New York Times Gives Valuable Publicity to White Nationalism

Paper has published two-dozen articles about tiny band of racists since election

Demonstrators protest the alt-right movement / AP
December 21, 2016

The New York Times has published more than two-dozen articles about the "alt-right" and white nationalist movements since the November elections, an invaluable signal boost for the tiny coalition of racists.

The Times has published articles about an "energized" far-right for over a year, although it ramped up this publicity blitz in November after the election of Donald Trump and appointment of Breitbart News executive Stephen Bannon as presidential counselor.

The articles typically refer to the alt-right as an attractive and growing political force—valuable promotional copy for a movement that numbers in the "thousands," as its leaders admit.

On November 1, the Times profiled a "prominent" white nationalist who recorded robocalls to attack independent conservative Evan McMullin and promote Donald Trump. He spent $2,000 total on the calls.

Five days later, the Times wrote about how "Donald Trump's [Alt-Right] Supporters Feel Like Winners." The article described white nationalism as a "once obscure and now ascendant" force experiencing a "surge of interest" due to Trump.

It cited Jared Taylor, another "prominent" white nationalist, who said "traffic to his website, American Renaissance, was up 30 percent" during the election. American Renaissance did grow in popularity in 2016, although it was starting from a very low base. It is currently the 15,732nd most-trafficked website in the United States, according to Alexa.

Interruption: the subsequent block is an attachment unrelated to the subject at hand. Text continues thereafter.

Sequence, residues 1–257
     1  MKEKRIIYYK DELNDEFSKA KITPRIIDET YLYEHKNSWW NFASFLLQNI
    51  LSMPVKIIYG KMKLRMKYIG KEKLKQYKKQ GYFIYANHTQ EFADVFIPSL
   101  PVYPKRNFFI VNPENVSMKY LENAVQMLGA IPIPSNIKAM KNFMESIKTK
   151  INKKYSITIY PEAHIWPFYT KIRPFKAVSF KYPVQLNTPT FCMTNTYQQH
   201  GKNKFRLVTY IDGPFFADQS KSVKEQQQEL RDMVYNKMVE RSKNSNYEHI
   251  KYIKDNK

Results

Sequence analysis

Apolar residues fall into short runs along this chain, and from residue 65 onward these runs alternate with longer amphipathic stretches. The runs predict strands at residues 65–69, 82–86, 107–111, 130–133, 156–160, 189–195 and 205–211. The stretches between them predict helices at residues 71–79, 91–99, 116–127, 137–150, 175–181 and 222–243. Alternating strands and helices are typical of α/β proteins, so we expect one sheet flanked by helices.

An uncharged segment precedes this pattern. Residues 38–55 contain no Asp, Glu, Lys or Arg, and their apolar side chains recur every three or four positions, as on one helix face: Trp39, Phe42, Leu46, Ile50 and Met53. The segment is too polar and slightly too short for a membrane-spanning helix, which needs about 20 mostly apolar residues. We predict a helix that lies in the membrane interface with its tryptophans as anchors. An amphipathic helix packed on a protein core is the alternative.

Shortly after the election, the Times reported that white nationalists were experiencing "an awakening" due to Donald Trump. The article noted that "hundreds" of white nationalists—as many as 270, by some counts—attended a conference by the racist National Policy Institute, where they celebrated "the unexpected march of their white nationalist ideas toward the mainstream."

The Times printed exuberant predictions about the future of white nationalism by conference host Richard Spencer.

"This is what a successful movement looks like," Spencer said about the conference, which attracted fewer attendees than MerFest, a festival for self-described mermaids and mermen.

Spencer is a favorite of the mainstream press, which has written a flood of trend pieces about his fascist-inspired haircut, "dapper" dress, "millennial élan," and "prom king good looks." The Huffington Post wrote that Spencer's face was reminiscent of "Ryan Gosling."

The New York Times has lavished Spencer with attention, mentioning him at least 11 times in the past two months. Often it has given him space to present his tiny movement as mainstream and normal.

"What you can't say is that we're just a bunch of marginal loons," Spencer said on November 6.

"We've crossed the Rubicon in terms of recognition," he said on November 20.

"My goal for the next five years is professionalization," he said two days later. "That is the next step for the alt-right."

Spencer is not the only alt-righter the Times has boosted in the past two months. It has mentioned internet troll Milo Yiannopoulos five times, profiled an alt-right social media platform, and introduced the world to Matthew Heimbach, who runs a miniscule fascist organization out of his trailer in Indiana. It also wrote that the 2016 election had "resurrected" O.G. racist David Duke, who ran for the Republican Party's Senate nomination in Louisiana—and won 3.4 percent of the vote.

At times the paper has expressed an uneasy awareness that it is helping racists recruit

Before 2016, "the news media often debated whether to cover [the alt-right's] sparsely attended rallies, considering that any attention might grant the groups a veneer of legitimacy," the Times wrote on December 10.

Now, as Democrats seize an opportunity to tie their partisan opponents to outright white nationalists, the media has fewer scruples about covering sparsely attended rallies.

White nationalists are quite pleased with this turn of events, as a Times op-ed pointed out.

"Groups such as Mr. Spencer's, which had indeed rallied behind Mr. Trump, were delighted with the attention … While he does not consider either Mr. Trump or Mr. Bannon alt-right, Mr. Spencer has expressed hope that the press's describing them as such will help his own group grow."

Published under: New York Times